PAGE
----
New collection program pays cash for used auto oil

State sponsorship and participation by local businesses aim to stop oil pollution

by Chris Klein
he City of San Diego, in cooperation with local businesses, has launched a new campaign to make it easier - and profitable - for residents to recycle their used motor oil and other automotive wastes.
The problem is more dramatic than you might think. The Department of Environmental Services, sponsors of this latest effort, estimate that one out of four households in San Diego change their own oil; of those, one in five dump the oil illegally. If you work out the numbers, this amounts to an estimated 120,000 gallons of pollution.
The new Used Oil Collection Program makes it easier than ever for home auto mechanics to do the right thing - and get paid for it. Residents will receive four cents per quart for motor oil turned in at any of 42 State-certified collection centers.
The city will also sponsor eight one-day special collection events. In addition to oil, residents can bring oil filters, auto batteries and antifreeze to these events. While no cash will be paid for oil at these events, participants will receive a coupon book good for discounts at fast-food restaurants, auto service companies, fitness centers and local attractions.
A key element of the campaign is the participation of local businesses that will serve as collection points for used oil and other automotive products. The program is funded by a $700,000 grant from the State of California Integrated Waste Management Board.

Down to the sea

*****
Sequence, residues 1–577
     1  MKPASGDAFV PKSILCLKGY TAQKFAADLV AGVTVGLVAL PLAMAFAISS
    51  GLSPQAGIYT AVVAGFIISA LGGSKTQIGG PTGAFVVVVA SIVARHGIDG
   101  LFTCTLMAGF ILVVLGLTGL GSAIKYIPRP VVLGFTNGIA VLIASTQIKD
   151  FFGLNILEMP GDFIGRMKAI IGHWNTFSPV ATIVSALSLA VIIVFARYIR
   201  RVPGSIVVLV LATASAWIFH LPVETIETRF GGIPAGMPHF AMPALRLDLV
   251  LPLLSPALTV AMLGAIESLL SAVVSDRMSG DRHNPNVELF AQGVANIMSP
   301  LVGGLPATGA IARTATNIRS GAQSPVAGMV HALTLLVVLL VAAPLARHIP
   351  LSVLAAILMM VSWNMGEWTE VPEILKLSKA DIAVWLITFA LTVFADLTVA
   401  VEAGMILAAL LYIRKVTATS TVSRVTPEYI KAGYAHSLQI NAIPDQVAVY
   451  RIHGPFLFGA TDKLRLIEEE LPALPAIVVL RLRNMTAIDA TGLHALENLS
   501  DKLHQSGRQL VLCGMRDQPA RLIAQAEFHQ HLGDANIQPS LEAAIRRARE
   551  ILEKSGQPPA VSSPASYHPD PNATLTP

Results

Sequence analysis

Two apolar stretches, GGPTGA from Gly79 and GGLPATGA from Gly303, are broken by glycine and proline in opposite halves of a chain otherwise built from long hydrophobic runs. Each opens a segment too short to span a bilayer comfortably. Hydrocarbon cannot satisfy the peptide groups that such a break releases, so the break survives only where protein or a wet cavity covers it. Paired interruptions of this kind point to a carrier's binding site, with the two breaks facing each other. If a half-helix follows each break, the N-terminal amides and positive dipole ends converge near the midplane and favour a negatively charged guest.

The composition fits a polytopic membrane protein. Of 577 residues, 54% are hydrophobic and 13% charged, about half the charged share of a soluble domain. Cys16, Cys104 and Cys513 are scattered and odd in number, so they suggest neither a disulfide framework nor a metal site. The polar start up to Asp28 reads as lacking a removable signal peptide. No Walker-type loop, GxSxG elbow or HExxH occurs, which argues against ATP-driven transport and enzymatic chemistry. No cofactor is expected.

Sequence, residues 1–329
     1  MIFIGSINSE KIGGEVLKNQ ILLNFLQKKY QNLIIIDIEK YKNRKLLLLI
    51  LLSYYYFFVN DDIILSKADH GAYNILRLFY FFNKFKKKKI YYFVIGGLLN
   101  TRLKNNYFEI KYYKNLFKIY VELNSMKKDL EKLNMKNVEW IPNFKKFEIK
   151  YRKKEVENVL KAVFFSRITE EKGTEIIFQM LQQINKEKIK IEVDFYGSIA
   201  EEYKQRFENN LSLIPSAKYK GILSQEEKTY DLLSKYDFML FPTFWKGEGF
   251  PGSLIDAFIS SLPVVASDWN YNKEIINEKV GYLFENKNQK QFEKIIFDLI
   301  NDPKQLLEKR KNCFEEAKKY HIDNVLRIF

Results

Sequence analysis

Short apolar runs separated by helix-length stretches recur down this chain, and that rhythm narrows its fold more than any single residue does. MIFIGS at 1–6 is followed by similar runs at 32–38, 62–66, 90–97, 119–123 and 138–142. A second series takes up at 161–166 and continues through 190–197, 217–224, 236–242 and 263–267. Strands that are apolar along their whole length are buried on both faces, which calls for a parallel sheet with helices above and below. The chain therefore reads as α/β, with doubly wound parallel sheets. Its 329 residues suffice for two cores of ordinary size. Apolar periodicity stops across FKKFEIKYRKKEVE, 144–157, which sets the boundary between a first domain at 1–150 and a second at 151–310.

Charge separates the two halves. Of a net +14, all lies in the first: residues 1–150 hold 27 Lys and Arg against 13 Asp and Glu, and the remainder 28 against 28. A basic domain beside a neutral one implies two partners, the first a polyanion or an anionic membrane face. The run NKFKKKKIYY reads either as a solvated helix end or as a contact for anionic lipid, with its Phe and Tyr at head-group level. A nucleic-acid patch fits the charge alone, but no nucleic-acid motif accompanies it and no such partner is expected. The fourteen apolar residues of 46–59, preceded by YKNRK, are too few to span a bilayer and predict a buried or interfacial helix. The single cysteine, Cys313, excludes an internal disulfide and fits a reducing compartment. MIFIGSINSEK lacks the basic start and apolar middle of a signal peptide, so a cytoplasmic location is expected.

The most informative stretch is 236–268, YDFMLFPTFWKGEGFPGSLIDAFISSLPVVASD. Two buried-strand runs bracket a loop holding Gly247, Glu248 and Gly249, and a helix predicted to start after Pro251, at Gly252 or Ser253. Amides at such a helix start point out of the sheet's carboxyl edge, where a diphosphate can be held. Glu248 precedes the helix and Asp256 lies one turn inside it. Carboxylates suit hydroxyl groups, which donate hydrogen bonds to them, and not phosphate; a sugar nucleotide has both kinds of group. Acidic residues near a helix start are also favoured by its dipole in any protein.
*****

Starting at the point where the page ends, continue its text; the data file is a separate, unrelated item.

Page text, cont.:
Where does the illegally dumped oil go? It just doesn't harmlessly disappear (after all, the oil was underground for hundreds of millions of years before we took it out). Some is dumped on the soil, where it can pollute groundwater or be carried off by rain and surface water flow. Much is dumped directly into storm drains. Eventually, most of it finds its way to the ocean.
The kickoff for the program was held at the Stephen Birch Aquarium-Museum in La Jolla, which provided a sober reminder of how serious this toxic problem can be. As scuba divers inside the 55,000-gallon kelp forest tank unveiled the new Used Oil Collection Program logo, aquarium curator Bob Burhams reminded us that "Less than one cup of motor oil could contaminate this entire tank. Toxins and other bacteria washed down storm drains pose a significant hazard to birds, mammals, fish and other marine life."
Encouraging residents to "Get in Gear - Recycle Auto Waste," the green and orange logo will be painted on both sides of the city's 130 refuse packers and recycling trucks. For additional information on automotive product collection centers and upcoming recycling events, residents can call the program's hotline at 235-2105.